F is for Forcing Life into Art

| April 15, 2014

Most of us understand the term “empathy” as a state which allows us to tune in the affective states of others. However, this term is actually an English translation of the German word “einfühlung” (which literally means “feeling into”). Unlike its English counterpart, this term was originally proposed (at the beginning of the 20th century) by the philosopher and psychologist Theodor Lipps not to describe the interaction between people, but to indicate the relationship between a work of art and its observer. Lipps originally came up with this theory to propose an “aesthetic-mechanical” model which explained geometrical illusions. According to his theory, humans have a tendency to project a “living” quality onto the objects being observed. For example, we tend to see the purple lines below as intersecting and interacting with each other in an almost life-like manner (illusion of waves moving towards each other) even though, as we can tell from the grid, the middle segments of those lines are actually parallel to each other).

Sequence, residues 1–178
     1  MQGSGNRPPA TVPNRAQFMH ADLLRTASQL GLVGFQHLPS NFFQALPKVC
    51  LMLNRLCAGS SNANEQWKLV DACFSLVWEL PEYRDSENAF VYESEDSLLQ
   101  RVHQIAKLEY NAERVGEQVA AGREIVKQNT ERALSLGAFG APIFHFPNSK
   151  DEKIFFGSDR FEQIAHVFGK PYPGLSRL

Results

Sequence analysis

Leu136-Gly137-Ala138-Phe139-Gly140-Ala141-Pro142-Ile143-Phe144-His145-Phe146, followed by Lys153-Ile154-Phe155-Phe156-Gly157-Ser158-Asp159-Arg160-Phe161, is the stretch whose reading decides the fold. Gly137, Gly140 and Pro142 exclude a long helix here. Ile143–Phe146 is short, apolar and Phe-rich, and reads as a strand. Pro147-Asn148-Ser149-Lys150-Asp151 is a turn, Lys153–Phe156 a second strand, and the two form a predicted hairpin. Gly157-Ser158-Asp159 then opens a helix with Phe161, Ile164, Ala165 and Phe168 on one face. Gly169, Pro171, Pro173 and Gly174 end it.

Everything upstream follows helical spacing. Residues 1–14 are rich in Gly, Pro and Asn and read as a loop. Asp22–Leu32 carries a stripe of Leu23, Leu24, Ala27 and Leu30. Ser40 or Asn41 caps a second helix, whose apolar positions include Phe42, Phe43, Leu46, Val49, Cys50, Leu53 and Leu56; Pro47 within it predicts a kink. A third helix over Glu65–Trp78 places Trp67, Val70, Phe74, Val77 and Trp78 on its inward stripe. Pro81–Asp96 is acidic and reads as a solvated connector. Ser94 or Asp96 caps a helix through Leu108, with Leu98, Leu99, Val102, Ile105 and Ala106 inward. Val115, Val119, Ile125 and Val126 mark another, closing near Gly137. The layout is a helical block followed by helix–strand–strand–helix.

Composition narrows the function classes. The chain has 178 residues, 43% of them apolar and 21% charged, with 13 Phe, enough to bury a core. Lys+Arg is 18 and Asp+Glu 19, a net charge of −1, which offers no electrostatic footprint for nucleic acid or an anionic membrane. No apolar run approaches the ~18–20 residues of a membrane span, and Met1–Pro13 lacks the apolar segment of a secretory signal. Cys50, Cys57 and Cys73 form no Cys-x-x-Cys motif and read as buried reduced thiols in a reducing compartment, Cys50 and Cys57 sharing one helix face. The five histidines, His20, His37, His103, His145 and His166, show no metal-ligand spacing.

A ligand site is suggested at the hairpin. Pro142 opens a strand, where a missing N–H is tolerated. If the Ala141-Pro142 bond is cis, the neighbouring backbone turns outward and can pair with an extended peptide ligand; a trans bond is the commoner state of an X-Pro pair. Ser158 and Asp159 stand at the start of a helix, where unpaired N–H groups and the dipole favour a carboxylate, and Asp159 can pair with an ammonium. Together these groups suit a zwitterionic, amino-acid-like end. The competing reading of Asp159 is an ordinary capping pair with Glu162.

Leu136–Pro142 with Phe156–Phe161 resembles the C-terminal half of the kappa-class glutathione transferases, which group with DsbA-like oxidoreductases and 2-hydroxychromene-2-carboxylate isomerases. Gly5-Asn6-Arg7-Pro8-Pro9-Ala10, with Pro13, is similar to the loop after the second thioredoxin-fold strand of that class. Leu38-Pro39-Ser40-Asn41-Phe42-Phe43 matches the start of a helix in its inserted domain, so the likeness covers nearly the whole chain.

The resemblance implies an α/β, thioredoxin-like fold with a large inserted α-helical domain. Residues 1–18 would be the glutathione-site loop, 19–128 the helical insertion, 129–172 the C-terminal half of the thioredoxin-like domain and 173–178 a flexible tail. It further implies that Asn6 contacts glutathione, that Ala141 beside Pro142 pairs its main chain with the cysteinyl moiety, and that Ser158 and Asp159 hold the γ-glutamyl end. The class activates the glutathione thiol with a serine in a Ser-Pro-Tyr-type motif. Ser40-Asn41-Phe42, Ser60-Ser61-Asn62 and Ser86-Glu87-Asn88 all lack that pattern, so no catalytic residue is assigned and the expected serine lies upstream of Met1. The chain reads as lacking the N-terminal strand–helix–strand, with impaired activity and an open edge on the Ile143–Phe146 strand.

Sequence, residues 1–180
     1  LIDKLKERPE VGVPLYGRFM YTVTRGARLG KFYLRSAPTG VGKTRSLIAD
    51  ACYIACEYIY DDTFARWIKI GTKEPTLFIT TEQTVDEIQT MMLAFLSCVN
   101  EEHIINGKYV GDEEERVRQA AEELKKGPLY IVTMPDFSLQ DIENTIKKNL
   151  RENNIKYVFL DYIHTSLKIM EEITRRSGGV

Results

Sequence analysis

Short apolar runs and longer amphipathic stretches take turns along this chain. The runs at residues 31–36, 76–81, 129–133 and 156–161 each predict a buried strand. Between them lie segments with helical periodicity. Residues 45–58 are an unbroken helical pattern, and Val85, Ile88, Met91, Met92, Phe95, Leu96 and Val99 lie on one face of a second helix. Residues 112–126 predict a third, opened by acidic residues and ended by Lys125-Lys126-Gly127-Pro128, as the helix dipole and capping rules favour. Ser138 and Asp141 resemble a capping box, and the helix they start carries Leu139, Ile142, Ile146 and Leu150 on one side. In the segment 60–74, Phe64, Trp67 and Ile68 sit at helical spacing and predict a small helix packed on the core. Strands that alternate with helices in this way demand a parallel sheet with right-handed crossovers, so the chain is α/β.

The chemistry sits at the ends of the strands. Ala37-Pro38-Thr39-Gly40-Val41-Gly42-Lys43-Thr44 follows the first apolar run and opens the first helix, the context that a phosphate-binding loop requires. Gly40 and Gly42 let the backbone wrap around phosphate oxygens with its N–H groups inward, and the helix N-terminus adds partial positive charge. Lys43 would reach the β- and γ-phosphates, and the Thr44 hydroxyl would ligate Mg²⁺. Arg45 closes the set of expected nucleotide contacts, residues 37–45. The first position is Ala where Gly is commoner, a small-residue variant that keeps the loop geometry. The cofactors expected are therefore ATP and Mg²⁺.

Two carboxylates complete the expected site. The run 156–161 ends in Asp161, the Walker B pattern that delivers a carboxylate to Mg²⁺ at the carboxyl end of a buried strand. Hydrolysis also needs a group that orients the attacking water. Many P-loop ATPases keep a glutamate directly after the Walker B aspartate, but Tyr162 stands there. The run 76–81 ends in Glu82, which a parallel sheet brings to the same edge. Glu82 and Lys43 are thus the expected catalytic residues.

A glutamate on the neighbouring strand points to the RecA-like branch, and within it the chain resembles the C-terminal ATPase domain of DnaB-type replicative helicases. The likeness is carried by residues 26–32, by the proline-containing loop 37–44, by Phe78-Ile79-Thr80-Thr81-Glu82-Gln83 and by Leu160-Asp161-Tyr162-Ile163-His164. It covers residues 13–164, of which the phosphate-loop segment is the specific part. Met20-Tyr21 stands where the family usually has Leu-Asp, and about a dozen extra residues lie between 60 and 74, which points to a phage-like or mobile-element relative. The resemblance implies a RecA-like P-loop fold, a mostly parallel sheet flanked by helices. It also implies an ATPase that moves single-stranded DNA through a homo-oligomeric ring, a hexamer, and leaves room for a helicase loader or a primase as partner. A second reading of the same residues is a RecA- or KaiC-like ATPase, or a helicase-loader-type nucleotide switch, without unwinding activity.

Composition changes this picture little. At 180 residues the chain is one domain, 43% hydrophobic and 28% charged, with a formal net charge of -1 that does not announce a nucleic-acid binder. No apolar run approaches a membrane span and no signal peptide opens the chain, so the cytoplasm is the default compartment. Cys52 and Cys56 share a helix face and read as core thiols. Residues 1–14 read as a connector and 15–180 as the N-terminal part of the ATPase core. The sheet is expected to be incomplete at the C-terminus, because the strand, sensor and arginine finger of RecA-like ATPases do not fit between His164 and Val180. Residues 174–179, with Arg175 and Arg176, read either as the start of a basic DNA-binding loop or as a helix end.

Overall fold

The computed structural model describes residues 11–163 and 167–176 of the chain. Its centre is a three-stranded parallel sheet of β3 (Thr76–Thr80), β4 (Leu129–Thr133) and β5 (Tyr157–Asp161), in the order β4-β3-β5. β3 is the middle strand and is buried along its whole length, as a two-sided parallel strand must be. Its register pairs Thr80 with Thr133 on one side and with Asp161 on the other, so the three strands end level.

Another example used by Lipps involved observing an acrobat performing on a tightrope. As the audience observes the artist skilfully move along the rope (while bearing facial expressions representative of distinctive affective states), each member automatically and simultaneously forms an internal emulation of the acrobats’ kinesthetic actions and emotions.

Is this unconscious mechanism, based on our intrinsic and automatic tendency towards inner imitation, what allows us to “fuse with” the work of art we are being exposed to and hence have an aesthetic experience? Lipps might just agree with this suggestion.